UVM College of Medicine students share their thoughts with peers, mentors, family, and friends. Everything from what inspired them to choose a career in medicine, to their first-year experience, to fourth year rotations – the personal and the professional.
Written by Mary Kate (“MK”) LoPiccolo ’18
My name is Mary Kate (MK/Ginger for short), and I am the only redheaded member of the UVM College of Medicine Class of 2018. I enjoy long walks through Michael’s, SNL reruns circa 1992, and eating copious amounts of Mexican food. I’m new to Vermont, and my first impression of this state is that I appreciate its appreciation for flannel…As my first blog post for the College of Medicine student blog, I thought I would try to shed some light on the hilarity that seems to be the first year of medical school.
Written by Elizabeth Cochrane ’17
Many important events happen during the second year of medical school: Our class reunites after a well-earned summer vacation, we study and take Step 1, and we end Foundations and begin our clerkships. Clerkships involve seven rotations (six or seven weeks each) in different medical specialties including Internal Medicine, Obstetrics and Gynecology, Family Medicine, Surgery, Pediatrics, Psychiatry, and Outpatient and Neurology. A less talked about event that only takes an hour and is full of stress and excitement is the clerkship selection.
Written by UVM Assistant Professor of Obstetrics and Gynecology Anne Dougherty, M.D. ’09
When I was in medical school, I knew that my future lay in global health. At the time, I did not know that I would concentrate in maternal and reproductive health, just that I had a guiding desire to work with underserved populations and explore cross cultural differences in medicine. Initially, my picture of myself as a global health physician was of someone working in the trenches in far flung places, performing procedures with substandard equipment and saving the day. I will admit that there is a part of myself that still enjoys that image, but I now realize that my job in global health is broader than that.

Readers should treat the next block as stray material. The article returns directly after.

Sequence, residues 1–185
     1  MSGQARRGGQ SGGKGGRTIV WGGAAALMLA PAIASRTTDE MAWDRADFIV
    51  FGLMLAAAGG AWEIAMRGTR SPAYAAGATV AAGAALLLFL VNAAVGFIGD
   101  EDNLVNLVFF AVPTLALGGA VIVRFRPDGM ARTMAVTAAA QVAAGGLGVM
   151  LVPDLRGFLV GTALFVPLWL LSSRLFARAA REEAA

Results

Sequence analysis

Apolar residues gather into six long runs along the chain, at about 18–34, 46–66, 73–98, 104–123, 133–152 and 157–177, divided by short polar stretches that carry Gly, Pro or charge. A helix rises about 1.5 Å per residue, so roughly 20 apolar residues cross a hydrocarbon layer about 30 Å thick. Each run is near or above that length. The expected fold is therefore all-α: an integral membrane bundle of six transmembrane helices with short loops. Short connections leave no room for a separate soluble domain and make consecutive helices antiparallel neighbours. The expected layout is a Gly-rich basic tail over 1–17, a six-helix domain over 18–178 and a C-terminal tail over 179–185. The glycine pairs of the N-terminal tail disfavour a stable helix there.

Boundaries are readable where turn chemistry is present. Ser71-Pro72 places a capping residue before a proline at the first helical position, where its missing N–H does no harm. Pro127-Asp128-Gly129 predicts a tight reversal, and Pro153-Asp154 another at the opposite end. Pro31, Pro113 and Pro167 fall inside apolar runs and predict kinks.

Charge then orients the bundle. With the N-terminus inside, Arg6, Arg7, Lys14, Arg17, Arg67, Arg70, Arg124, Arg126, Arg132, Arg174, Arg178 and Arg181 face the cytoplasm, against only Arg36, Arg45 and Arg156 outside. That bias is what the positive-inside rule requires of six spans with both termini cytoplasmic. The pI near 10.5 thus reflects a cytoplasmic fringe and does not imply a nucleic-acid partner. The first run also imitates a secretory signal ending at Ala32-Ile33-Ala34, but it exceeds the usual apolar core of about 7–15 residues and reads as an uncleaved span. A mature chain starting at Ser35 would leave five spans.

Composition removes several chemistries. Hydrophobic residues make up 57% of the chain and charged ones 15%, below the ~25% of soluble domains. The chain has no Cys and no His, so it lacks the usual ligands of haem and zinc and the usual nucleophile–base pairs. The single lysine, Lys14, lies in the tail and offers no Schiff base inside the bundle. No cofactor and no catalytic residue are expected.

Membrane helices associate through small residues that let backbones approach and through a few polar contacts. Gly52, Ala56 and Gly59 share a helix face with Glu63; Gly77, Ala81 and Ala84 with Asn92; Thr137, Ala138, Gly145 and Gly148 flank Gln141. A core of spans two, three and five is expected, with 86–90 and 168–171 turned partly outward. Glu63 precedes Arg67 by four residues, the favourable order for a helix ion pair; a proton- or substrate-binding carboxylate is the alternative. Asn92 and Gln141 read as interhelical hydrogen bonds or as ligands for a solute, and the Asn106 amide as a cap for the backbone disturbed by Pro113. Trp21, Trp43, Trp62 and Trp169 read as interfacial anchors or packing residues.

Written by Marie Lemay ’17
As a newly minted first year medical student, I remember passing by “the marathon team” sign-up at the student interest group fair and feigning disinterest. Marathon? I’m not doing one of those! It took my love of running, a second go-round at the fair, and much cajoling from the current captain, before I actually signed my name to the listserv. Thankfully, the general information meeting dispelled any notions that running an entire marathon was required. Aptly named the UVM COM running AND marathon team, this student interest group’s mission to promote unity and wellness amongst our first year class and greater COM community resonated with me.
Written by Catherine Suppan ’17
Fall in Vermont is beautiful, and the weather can be perfect for a weekend hike: crisp air, clear skies, and visibility for miles. This vision of autumn was the inspiration behind our first College of Medicine monthly community service event: a trail maintenance hike with guides from the Green Mountain Club, an organization responsible for building and maintaining Vermont’s Long Trail and beyond.
Written by Stefan Wheat ’18
Every spring for the majority of my childhood I pranced down Main Street in my hometown of Olympia, Washington sporting outfits ranging from frog to jelly-fish to E. coli as a participant in the Procession of the Species, an annual artistic pageant parade that seeks to enhance cultural exchange through our mutual appreciation and respect for the natural world. I bounced down the streets of my hometown alongside children of all ages, learning something about the remarkable diversity of our planet. Unfortunately, the diversity that the Procession of the Species celebrates is critically threatened.
Written by Amanda Peel ’15
The annual Vermont Heart Walk has been particularly rewarding, and it is coming up this year on Saturday, September 27th. I have seen this event grow significantly since I led my first team of medical students and faculty members in 2012, when we braved a mile-long walk in a downpour when it was 50 degrees outside to show our commitment to fighting heart disease and stroke. In 2012, just after the board was founded, 145 walkers raised $60,000, and, only one year later, 500 walkers raised $100,000 to support education, research, and advocacy efforts by the AHA.